“There was a balanced mix of office-based and site-based work that allowed me to develop excavation skills on small-large scale excavations, whilst learning how to make the transition from site material to post-excavation reporting smoother for all involved. All in all, my experience was really quite rounded. I enjoyed it immensely and it gave me the skills to feel confident to work at any site, or in the office”

“I’m very grateful the trainee scheme exists as it allowed me to get into commercial archaeology when it might have otherwise been difficult”

“It gave me a proper view of what commercial archaeology really was and I didn’t feel like my lack of experience prevented me from going on any site or prevented any opportunities … The staff at Allen are all very friendly and helpful which made asking questions, help and generally becoming a part of the team so much easier.”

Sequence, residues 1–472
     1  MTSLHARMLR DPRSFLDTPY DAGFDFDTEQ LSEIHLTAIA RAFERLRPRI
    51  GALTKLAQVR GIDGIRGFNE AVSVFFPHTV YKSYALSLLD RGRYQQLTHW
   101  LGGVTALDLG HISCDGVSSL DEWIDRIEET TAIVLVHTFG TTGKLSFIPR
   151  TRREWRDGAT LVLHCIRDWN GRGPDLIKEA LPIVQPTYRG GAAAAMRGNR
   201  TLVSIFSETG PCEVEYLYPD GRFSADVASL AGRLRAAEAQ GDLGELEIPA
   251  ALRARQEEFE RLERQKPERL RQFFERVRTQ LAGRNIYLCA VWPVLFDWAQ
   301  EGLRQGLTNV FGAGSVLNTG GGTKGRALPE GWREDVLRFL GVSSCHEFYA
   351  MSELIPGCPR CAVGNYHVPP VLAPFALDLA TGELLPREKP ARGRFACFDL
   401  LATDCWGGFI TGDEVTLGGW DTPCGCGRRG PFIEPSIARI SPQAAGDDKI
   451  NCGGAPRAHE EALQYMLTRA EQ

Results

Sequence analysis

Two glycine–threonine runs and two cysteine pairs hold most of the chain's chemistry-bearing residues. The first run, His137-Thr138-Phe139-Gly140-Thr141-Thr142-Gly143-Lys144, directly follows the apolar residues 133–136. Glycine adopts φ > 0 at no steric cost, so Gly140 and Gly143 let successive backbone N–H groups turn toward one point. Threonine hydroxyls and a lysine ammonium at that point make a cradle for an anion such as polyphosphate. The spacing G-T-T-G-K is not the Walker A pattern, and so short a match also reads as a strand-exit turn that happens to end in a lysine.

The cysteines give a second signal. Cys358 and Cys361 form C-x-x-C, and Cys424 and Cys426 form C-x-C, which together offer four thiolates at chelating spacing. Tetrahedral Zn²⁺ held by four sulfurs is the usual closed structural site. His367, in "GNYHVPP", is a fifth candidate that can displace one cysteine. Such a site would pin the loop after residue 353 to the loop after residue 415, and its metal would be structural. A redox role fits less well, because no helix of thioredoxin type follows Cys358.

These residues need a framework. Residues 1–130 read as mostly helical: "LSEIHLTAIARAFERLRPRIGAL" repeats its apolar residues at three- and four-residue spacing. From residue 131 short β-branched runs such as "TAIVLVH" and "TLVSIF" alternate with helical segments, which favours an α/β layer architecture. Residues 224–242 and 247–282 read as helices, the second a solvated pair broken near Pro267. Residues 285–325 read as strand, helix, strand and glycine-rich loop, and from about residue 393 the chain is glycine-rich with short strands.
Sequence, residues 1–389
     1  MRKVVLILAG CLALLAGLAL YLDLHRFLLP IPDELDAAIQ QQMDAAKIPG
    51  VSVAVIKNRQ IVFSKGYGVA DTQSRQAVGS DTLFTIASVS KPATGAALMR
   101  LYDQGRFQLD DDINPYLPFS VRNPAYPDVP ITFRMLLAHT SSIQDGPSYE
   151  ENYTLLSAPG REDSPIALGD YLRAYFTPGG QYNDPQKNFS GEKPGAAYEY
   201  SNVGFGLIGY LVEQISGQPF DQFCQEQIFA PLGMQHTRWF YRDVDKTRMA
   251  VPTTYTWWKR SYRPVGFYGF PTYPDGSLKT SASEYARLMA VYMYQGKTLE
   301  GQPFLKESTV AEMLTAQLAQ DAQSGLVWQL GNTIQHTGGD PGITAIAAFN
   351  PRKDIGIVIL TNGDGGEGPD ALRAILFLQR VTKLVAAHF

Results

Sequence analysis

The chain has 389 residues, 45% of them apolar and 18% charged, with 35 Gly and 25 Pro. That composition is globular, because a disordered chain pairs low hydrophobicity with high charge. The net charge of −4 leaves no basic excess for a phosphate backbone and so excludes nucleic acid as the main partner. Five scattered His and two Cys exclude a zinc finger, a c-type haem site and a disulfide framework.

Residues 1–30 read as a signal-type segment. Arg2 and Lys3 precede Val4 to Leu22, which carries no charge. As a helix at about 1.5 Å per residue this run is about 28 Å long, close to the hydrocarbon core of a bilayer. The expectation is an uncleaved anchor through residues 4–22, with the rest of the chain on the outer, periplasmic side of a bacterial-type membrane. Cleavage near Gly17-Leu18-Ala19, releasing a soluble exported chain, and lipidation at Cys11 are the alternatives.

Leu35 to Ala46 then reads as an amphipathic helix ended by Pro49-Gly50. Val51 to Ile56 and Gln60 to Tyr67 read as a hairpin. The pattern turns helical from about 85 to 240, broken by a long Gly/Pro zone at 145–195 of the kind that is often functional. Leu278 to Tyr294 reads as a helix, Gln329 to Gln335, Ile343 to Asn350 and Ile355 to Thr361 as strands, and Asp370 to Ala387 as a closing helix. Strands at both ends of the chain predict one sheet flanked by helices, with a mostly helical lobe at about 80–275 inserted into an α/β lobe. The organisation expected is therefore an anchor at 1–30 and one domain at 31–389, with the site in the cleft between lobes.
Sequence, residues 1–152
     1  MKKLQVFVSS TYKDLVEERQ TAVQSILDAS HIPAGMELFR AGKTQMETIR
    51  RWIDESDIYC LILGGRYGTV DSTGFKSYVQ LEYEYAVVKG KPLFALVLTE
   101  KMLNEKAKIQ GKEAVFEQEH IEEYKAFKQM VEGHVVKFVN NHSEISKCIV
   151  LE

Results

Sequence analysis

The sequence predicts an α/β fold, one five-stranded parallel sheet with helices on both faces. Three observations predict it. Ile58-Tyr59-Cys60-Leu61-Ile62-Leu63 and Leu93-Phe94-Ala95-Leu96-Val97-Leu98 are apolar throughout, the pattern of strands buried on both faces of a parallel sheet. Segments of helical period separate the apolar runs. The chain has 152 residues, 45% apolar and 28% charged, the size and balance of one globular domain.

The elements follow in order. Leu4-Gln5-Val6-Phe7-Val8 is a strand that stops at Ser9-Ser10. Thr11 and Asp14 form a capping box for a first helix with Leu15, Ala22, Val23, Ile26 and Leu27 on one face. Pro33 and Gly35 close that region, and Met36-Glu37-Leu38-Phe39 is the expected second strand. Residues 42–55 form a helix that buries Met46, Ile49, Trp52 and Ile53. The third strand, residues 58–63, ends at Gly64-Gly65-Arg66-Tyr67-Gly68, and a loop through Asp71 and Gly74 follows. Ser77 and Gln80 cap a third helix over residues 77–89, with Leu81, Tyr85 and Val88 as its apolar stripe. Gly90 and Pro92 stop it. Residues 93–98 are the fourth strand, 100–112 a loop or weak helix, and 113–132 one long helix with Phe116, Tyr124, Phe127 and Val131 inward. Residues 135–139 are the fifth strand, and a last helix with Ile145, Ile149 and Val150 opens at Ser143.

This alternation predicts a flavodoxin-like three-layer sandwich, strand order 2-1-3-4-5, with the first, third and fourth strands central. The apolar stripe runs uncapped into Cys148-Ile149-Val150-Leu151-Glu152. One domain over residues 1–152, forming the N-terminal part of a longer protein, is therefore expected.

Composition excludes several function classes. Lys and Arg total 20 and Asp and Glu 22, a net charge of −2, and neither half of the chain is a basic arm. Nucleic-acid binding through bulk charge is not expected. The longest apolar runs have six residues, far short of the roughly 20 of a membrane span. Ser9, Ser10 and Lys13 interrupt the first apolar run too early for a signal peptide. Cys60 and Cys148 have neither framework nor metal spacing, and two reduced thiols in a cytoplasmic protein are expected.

“I found my trainee programme very beneficial as I previously had no experience digging – either commercial or academic, so was a great opportunity to get into archaeology and be paid for it.”

The numbers we can take on are small – we’re not going to solve the skills shortage single handedly – and I’m not trying to claim we’re perfect, but with a little thought, it is possible for even small companies to create effective, useful and robust training programmes that benefit the trainee and the company in equal measure. The interest we have seen as a relatively new and less well-known company, with applications from across the UK and Europe, is pretty staggering and suggests that we need to find a much better way of serving the next generation.

We’re looking forward to welcoming our latest batch of trainees at the start of May and to building on and improving our training going forwards.